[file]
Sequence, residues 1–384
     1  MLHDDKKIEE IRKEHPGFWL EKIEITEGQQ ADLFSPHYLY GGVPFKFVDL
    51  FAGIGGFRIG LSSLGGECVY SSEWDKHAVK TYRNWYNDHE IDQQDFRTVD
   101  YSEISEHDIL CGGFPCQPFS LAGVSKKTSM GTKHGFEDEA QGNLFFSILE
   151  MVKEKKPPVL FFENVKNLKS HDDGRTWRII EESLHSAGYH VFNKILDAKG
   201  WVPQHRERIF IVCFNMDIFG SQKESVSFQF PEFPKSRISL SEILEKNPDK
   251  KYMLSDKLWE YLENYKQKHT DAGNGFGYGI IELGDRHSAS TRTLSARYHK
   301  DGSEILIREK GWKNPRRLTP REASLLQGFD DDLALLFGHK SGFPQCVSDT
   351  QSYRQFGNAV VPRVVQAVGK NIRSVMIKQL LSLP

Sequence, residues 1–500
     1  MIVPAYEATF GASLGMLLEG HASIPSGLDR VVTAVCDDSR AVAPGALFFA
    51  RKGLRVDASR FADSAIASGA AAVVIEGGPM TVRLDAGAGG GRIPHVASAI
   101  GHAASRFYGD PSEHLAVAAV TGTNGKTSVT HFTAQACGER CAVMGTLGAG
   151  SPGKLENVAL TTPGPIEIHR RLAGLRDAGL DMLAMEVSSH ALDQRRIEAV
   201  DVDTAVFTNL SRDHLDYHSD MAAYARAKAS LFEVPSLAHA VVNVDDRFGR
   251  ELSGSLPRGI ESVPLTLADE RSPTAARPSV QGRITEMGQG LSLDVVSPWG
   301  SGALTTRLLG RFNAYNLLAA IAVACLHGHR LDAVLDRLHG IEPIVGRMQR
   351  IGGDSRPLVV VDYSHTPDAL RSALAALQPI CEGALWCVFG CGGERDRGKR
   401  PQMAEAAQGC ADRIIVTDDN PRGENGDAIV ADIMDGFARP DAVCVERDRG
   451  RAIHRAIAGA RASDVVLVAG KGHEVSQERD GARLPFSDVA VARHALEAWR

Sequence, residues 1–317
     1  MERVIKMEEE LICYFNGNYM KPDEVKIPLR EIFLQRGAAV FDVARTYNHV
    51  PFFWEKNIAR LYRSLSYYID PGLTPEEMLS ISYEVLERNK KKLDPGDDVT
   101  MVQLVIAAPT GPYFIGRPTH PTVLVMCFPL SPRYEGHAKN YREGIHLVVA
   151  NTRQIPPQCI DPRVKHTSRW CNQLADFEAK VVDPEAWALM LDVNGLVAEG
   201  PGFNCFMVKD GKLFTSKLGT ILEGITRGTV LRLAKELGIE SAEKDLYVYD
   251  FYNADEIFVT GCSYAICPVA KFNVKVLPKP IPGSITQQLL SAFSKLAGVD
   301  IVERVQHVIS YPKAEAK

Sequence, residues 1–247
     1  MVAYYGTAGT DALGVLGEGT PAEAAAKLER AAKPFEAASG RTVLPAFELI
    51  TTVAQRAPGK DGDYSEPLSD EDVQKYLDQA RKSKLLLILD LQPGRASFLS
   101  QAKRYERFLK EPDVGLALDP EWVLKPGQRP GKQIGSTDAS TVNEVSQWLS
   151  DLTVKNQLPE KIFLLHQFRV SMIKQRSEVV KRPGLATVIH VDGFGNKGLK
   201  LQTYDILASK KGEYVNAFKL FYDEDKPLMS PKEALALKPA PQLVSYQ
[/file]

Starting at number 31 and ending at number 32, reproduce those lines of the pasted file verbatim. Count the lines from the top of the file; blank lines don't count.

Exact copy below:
    51  TTVAQRAPGK DGDYSEPLSD EDVQKYLDQA RKSKLLLILD LQPGRASFLS
   101  QAKRYERFLK EPDVGLALDP EWVLKPGQRP GKQIGSTDAS TVNEVSQWLS